My dad is a firefighter and fire captain in Niagara Falls, NY. When I told him I had on-call duty for my new job, he was beyond excited. After relaying stories of waking in the middle of the night to head into the hall and getting overtime from his buddies that didn’t want to wake up for work were sick, I had to explain that it’s a different type of action for me. I face issues of a less life-threatening variety, but there’s still plenty of virtual fires to extinguish. Here’s a primer for what being an on-call programmer means at 37signals.

The routine

On-call programmers are rotated around every 2 weeks, and all 8 programmers currently get their fair share of customer support and interaction. Usually we have 2 to 3 programmers on-call on a given week. Support issues from email and Twitter are routed through Assistly, and handled by our awesome support team.

If there’s an issue they can’t figure out, we get a ping in our On Call room in Campfire to check out a certain issue:

These issues range in severity, and they might look like:

  • Got an “Oops” page (our standard 500 Server Error page)
  • Can’t log in
  • Page is messed up or broken
  • Incoming email didn’t process or show up

The next step is to FIX IT! If possible, get the customer’s problem figured out in the short term, and hopefully push out a bug fix to stomp it out permanently. Luckily, we’ve got a few tools to help us out debugging. We use a GitHub wiki to share code snippets that make some common issues go faster:

This screenshot shows off a newer piece of our weapon rack as on-call programmers: 37. 37 is our internal tool for doing pretty much anything with our production servers and data. Some of what it covers:

  • SSH into any box on our cluster
  • Watch a live feed of exceptions streaming in
  • Fire up a Rails or MySQL console for any application
  • Grep or tail logs over multiple days from a specific account

37 has helped immensely by just the virtue of being a shared tool that we can use Ruby (and Bash!) to automate our daily work. It started as a small set of scripts tossed around on various machines, but it really became a vital part of our workflow once we made it into a repo and documented each command and script.

Once the issue has been debugged/solved/deployed, we’ll log the issue as fixed on Assistly. The support crew handles telling the customer it’s fixed, but sometimes I’ll jump in if it’s a developer/API related issue.

Other channels

There’s a few other channels we pay attention to throughout the day as well. In Campfire we get alerts from Nagios about things that might be going wrong.

Here’s one such example: a contact export from Highrise that was stuck in the queue for too long.

Another incoming channel is the API support google group. Although this is more of a support forum for existing API consumers, we’ll try to jump in and help debug issues if there’s time left over from handling direct customer issues.


Our on-call emergencies come in many different flavors. An all-out, 5 alarm fire is rare, but does happen. Typically it’s a slow burning fire: something is smoldering, and we need to put it out before it gets worse.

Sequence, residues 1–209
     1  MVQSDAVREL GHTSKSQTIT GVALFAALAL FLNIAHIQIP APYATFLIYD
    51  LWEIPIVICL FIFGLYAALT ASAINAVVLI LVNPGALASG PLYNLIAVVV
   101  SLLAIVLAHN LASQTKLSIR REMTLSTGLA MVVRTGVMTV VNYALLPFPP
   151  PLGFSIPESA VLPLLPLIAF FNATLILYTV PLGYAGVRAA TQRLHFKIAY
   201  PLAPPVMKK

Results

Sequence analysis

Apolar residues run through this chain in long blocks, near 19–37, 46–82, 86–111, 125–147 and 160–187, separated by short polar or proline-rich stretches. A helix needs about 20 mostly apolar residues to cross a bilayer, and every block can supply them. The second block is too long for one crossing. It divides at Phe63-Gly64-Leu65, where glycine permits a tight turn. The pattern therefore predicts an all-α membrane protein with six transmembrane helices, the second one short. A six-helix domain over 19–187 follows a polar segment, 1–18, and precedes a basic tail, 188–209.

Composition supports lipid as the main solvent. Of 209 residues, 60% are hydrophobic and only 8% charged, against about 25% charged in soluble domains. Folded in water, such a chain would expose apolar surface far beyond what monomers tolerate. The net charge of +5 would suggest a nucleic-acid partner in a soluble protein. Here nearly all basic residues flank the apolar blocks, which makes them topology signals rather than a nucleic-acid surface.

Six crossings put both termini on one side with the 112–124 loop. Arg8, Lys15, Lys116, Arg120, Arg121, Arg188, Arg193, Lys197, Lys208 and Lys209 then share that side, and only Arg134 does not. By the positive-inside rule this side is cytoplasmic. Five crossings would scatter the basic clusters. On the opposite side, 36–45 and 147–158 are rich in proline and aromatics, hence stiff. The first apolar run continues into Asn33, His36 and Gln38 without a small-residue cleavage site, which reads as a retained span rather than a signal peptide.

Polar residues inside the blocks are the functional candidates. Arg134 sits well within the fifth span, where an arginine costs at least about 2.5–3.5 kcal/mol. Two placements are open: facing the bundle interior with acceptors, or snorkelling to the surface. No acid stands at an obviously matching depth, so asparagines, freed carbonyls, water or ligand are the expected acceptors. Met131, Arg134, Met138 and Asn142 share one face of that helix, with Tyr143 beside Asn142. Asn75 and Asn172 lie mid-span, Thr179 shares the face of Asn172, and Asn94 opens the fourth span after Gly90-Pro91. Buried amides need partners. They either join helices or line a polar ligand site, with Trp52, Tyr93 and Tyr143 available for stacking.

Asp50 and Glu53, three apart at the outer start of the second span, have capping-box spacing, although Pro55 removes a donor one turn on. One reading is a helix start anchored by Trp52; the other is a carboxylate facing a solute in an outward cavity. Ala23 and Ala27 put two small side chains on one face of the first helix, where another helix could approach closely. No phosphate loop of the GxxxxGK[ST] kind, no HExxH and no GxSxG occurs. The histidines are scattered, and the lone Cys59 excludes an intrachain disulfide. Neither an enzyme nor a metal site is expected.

We’ll learn of these problems in a few ways:

  • Nagios alert in Campfire about downtime/inaccessibility
  • Twitter eruption
  • Support ticket flood

Once we have a handle that it’s not a false alarm, we’ll update the status site and notify customers via @37signals. The number one priority from there is putting out the fire, and it usually involves discussing our attack plan and deploying the fix.

If the fire is really getting out of control and tickets are piling up, sometimes we’ll help answer them to let them know we’re on it. The status site also knows everyone’s phone numbers, so if it’s off-hours we can text and/or call in backup to help solve the problem.

Here’s a few tips I’ve learned from our fires so far:

Be honest

Given I’m relatively new to our apps and their infrastructure, I don’t know my way around 100% yet. Being honest about what you do and don’t know given the information at hand is extremely important. Be vocal about what you’re attempting, any commands you might be running, and what your thought process is. Jumping on Skype or voice iChat with others attempting to debug the problem might also be useful, but if someone is actively trying to hunt down the problem, be aware that might break their flow.

Cool your head

Each problem we get is different, and it’s most likely pretty hairy to solve. Becoming frustrated at it isn’t going to help! Stepping away might not be the best way to de-stress if the fire is burning, but staying calm and focused on the problem goes a long way. Frustration is immediately visible in communication, even via Campfire, and venting isn’t going to solve the problem any faster.

Write up what happened

Post-mortems are an awesome way to understand into how the fires were put out, and what we can do better the next time one happens. Our writeups get pretty in-depth, and knowing the approach used can definitely help out the next time. Especially since we’re remote and spread across many different timezones, reviewing a full report and reflection on the problem is extremely helpful, no matter how small the fire was.

There is no undo!

Issues that crop up repeatedly always have a larger fix in mind. Losing work due to browser crashes and closed windows was a large support issue, until autosave came to the rescue. When not putting out fires, on-call programmers are working on “slack” issues like these, or fixing other long-standing bugs.

Experimentation with how on-call works is definitely encouraged to help our customers faster, and I’m sure our process will continue to evolve. It’s not perfect (what process is?), but I can definitely say it’s been improving. Putting out our virtual fires is still a lot of fun despite all of the stress!